Vanity Fair (UK), January 5, 1905

[The Prophet Dowie attributes his success in life to the fact that he had a beard at the age of seventeen. “People,” he said, “used to think me about twenty-five, and I soon got the salary of a man of twenty-five, when I was seventeen.”]

IF you’re anxious to outdistance
In the struggle for existence
 Every rival on the scene,
You must imitate your Dowie,
And try hard to find out how he
 Grew a beard at seventeen.
If prosperity you’d snatch, oh,
Spend your hard-earned wealth on Tatcho,
 It’s the only thing to do;
And, remember, never harbour
Thoughts of calling in a barber,
 Though your chin be rough and blue.

And everyone will say,
As you walk your prosperous way,
 “If this young man can grow a beard
  (Which has never occurred to me),
 Why, what a most particularly gifted sort of youth
  This sort of youth must be.”

When your cheek, once smooth and chubby,
Becomes noticeably scrubby,
 And your beard grows long and thick;
Then employers, who’d secure you,
Offer princely sums to lure you;
 And you simply take your pick.
Though your friends begin to drop you,
Do not let such trifles stop you,
 Never heed their foolish whims:
Merchants offer countless dollars
For a clerk in Eton collars
 Who resembles George R. Sims.

For everyone will say,
As you walk your pard-like way,
 “If this young man, who’s still in his teens,
  Has beard enough for three,
 Why, what a most phenomenally brainy sort of youth
  This brainy sort of youth must be.”

P. G. Wodehouse.





Scotsman John Alexander Dowie (1847–1907) was a widely-traveled evangelist and faith healer who formed the Christian Catholic Church in Zion and the town of Zion, Illinois. Widely dismissed as a charlatan and crank, Dowie – who for his appearances would dress in flowing, jewelled robes and portrayed himself as a modern Elijah – nonetheless had followers who tithed directly to him and he amassed a fortune in real estate holdings in Chicago. A contemporary report: “He is bald, but his face is covered with a long, white, patriarchal beard which extends up to his little, piercing, fascinating eyes, in which can be read the instinct of domination of a sly charlatan. His voice is strong and clear, his words colored, and his discourse strewn with metaphors and biblical images, frequently, in imitation of the prophets, with imprecation and abuse.”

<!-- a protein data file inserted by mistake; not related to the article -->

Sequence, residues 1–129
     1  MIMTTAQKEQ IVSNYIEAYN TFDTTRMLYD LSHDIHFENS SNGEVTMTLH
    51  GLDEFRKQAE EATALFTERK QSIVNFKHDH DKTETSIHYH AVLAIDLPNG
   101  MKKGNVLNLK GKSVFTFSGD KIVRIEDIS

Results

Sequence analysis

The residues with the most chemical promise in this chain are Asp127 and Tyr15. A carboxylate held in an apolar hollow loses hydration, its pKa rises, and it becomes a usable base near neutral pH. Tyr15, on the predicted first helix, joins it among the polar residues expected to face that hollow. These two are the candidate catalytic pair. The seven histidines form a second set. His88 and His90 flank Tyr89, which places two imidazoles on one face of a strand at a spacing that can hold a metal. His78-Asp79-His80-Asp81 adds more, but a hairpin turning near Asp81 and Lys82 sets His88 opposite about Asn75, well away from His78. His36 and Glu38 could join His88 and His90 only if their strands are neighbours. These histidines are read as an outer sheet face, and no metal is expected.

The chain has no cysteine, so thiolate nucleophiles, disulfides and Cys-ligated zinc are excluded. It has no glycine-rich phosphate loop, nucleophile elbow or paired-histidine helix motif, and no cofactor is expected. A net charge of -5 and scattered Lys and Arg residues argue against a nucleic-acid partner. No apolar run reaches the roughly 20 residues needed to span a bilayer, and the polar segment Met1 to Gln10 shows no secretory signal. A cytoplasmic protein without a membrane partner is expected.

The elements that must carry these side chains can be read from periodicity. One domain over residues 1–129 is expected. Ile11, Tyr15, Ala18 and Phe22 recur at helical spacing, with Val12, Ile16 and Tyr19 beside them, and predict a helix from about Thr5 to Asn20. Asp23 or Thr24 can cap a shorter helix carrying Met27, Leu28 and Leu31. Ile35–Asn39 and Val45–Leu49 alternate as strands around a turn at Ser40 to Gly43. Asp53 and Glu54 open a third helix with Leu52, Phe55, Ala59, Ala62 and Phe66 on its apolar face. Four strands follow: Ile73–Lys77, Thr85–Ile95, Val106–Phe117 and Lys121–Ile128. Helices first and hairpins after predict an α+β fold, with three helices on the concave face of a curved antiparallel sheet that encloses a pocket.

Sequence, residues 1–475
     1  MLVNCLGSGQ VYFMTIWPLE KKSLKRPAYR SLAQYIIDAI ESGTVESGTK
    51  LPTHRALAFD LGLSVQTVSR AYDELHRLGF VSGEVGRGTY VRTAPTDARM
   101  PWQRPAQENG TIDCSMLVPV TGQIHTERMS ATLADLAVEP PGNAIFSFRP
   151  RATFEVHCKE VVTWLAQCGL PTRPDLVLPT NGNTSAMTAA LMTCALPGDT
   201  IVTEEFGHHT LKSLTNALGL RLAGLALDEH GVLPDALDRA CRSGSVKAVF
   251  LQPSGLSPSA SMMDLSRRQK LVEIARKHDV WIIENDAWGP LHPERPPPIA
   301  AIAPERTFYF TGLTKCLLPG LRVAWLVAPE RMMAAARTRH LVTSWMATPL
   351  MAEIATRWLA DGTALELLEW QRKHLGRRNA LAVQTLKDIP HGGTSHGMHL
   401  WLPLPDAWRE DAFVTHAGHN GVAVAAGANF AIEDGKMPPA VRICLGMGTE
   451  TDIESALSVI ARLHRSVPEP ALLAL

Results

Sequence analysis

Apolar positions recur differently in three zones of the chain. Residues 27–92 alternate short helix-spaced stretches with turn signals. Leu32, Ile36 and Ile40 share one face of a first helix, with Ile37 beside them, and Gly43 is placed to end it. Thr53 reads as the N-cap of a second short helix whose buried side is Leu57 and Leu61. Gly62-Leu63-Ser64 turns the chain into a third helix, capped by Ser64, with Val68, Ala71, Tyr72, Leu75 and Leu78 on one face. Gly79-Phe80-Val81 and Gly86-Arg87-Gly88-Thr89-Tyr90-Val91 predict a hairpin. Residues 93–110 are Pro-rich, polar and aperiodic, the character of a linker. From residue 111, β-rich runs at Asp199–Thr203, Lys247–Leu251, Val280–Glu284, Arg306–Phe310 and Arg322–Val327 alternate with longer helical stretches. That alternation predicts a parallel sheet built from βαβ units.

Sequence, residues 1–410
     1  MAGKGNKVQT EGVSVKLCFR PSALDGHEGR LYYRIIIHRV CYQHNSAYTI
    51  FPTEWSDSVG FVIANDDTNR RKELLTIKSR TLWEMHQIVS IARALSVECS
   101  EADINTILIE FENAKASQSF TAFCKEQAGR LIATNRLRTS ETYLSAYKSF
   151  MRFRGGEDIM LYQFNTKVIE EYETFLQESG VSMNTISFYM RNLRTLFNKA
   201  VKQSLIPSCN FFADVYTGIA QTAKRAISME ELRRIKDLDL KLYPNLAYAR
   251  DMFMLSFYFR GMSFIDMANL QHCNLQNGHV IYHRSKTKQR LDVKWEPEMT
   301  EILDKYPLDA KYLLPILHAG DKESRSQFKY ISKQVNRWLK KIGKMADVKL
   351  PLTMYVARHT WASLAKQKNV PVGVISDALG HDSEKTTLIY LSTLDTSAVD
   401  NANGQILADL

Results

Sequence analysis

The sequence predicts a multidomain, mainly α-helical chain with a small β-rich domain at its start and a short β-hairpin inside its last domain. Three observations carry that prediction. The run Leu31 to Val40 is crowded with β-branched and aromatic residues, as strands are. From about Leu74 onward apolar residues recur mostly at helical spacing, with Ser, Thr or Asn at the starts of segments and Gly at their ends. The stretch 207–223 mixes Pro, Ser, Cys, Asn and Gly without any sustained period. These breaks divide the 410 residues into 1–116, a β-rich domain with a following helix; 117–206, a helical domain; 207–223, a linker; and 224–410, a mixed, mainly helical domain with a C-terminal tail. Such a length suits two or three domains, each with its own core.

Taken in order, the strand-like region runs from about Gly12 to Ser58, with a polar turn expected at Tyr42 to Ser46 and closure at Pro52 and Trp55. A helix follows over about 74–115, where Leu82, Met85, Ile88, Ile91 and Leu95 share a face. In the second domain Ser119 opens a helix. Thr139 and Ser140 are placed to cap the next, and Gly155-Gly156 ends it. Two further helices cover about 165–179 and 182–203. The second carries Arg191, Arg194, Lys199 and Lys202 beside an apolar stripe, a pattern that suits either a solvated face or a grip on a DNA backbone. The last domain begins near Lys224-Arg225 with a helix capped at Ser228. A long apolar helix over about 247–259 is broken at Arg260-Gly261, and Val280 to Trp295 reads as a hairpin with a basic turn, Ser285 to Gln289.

John Dawson    


The poem is in the form of, and could be sung to the music of, Bunthorne’s song “If you’re anxious for to shine in the high æsthetic line” from Gilbert & Sullivan’s Patience.
 More information on George R. Sims and Tatcho can be found at the Hair Raising Stories site.


Neil Midkiff